Just one librarian’s theory. Of course, the more I write, in any medium, the more I realize how much I have to learn about writing. That, however, is a post for a different blog at a different time.

Returning to the point at hand–how could CLP use social media for outreach–I suppose the first step would be to find out if our users Tweet or follow in the first place. Based on casual observation, I’d say most of the Ref. Services users are far more fond of MySpace. I would, however, like to see some empirical evidence to back that up.

Onward and downward!

November Update from Your Multitasking Alchemist

The leaves fall, the temperature drops, and the days between blogging pass like a dream.  It’s still very busy in my world, but I thought I’d take a few moments to briefly discuss what “busy” means this month.

It’s database renewal season, so I’m busy crafting an agenda for tomorrow’s meeting.  Quite a lot to discuss on a conceptual level too, as we’re considering expanding the committee’s charge to promotion and instruction.  If we’re really feeling ambitious, we might explore the possibility of having an e-resources committee that would cover e-audio and video formats, and expand membership to include stakeholders in those areas.  All up in the air, of course.

I’m currently at the refdesk.  Best question this evening so far, and a chance to practice explaining technology, involved blogging and live blogging.  The patron heard it discussed on TV, and called in because he didn’t know what those concepts meant.  This comforts me, that even in matters technological, some folks still turn to the library first.

Only one serious callback on the plate, but it’s a doozy.  The magazine writer who was impressed with our collective due diligence on the Robert Frost quote is back with more quotes.  Another Frost, a Vincent Lombardi, a random economist, etc.  Tracing quotation provenance is my favorite kind of question, but don’t tell the other librarians, or they’ll make me share.  Hee.

There are a lot of ordering tools on the table this week, so I think that will be tomorrow’s major endeavor.  There’s an Ingram Advance for next week, too, so I’d like to get a jump on that.  Friday is my next turn in the Eleventh Stack rotation, so I want to make sure that’s of the same high caliber our readers have come to expect.

In professional development news, I’m fussily revising my PaLA presentation and slides. Perfectionism can be a two-edged sword. Luckily, I really enjoy giving presentations and don’t get too nervous – after all, sharing with peers is good, and I appreciate the chance to talk about what my peers and I are trying over here. Tame the Web discussed presentations recently, and I found it a good, reassuring reminder of what’s important.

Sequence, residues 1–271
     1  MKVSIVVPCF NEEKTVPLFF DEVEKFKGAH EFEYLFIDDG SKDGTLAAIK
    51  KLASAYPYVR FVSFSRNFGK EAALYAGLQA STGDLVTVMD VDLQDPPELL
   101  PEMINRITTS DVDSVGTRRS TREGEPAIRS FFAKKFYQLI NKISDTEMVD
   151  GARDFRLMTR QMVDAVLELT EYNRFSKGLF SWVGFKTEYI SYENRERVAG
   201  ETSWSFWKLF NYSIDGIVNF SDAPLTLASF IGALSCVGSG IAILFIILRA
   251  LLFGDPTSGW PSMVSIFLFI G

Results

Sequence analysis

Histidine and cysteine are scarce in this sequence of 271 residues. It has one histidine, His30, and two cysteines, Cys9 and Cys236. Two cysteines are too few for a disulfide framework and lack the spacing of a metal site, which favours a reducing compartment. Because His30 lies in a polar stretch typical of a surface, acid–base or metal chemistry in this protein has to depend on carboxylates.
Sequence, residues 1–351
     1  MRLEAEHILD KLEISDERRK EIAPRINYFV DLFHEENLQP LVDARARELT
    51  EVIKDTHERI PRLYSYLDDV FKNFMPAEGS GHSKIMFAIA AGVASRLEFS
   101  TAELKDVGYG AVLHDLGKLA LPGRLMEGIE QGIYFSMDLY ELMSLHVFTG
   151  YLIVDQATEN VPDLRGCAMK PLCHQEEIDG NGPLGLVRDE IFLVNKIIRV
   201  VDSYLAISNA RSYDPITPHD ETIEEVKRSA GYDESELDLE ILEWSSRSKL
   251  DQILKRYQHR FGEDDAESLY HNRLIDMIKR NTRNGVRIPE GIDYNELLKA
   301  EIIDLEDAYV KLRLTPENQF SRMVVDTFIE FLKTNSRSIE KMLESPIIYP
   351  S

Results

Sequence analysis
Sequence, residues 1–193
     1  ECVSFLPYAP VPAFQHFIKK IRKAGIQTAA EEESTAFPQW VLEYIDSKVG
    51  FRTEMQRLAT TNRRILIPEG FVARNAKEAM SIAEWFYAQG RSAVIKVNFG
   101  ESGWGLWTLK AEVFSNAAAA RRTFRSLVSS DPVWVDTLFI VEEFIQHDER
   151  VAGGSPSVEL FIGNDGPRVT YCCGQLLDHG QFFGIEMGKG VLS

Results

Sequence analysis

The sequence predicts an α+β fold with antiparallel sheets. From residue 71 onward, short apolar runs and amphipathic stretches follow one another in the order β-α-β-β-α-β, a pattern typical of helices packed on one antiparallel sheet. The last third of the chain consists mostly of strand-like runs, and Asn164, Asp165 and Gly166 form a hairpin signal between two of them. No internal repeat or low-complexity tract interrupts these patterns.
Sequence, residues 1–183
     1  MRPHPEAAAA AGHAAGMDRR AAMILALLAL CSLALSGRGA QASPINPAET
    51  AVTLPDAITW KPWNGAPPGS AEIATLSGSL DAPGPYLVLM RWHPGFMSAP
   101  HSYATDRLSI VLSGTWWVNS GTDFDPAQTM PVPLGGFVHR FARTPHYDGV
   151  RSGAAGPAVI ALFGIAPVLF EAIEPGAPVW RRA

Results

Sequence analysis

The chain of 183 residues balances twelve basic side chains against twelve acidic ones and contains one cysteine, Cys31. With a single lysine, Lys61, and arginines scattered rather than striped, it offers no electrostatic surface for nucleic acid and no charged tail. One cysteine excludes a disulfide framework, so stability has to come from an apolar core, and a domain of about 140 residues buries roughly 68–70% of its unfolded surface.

I’m also greedily devouring various bloggy dispatches from Internet Librarian via my newsreader. Since not everybody can go to every conference, the blogs and embedded presentations are invaluable. If I can ever make time to sit down and watch all that video, and read all that copy, I will gladly share the highlights!

Tweeting tonight’s shift, at intervals. I Tweet rarely, because there’s so much to do. There will always be more work to do, and I tend to work as if my hair is on fire. It is, however, a labor of love. There’s nothing like working in a public library. Nothing. Others might disagree, but then again, everyone has their niche in library world, which is what makes it great.

I think, to be a good public librarian, you have to love people, even when they are not very likeable. Last night I spent two hours on one transaction, and somewhere in the middle of that long conversation, I lost a contact lens. It was one of those moments that tries your soul, and makes you wonder if you really went to graduate school for this. I went home, put on my glasses, and briefly contemplated applying to the Peace Corps.

But the next day, when I came in, I learned that my colleagues had found my contact lens when I could not (being, after all, quite the blind). They rescued it, soaked it in their own saline, and stored it in an extra case they just happened to have handy. And one lovely, leafy printout from the color printer was on my desk, an extra left behind by that same patron I’d been helping. It’s a picture of a path leading into the woods, green and inviting, beckoning us on to goodness knows where.

And that, in a nutshell, is public library service: you make your way down the path as best you can, never knowing what will happen next, and sometimes tested by obstacles. But you are never alone on your journey, and there is always something lovely hidden around the next bend to remind you why you started off on the journey in the first place.

Until next month, probably, I remain….

LAV, library alchemist!


At the end of another busy, albeit glorious, day in the trenches of reference, it’s nice to end on a high note with some inspiring professional reading.  John Baldoni’s essay, “How to Lose Like a Winner”, is a great pick-me-up if you’re feeling a touch stressed, overwhelmed, or discouraged.

Your alchemist sports no rose-colored spectacles, but I think it’s important to remember that sometimes, losing out on something paves the way for you to gain something greater.  And yes, adversity really can make you a better librarian, if you let it.  There’s no doubt that the months and years ahead will hold great changes and challenges for libraries – how will we respond?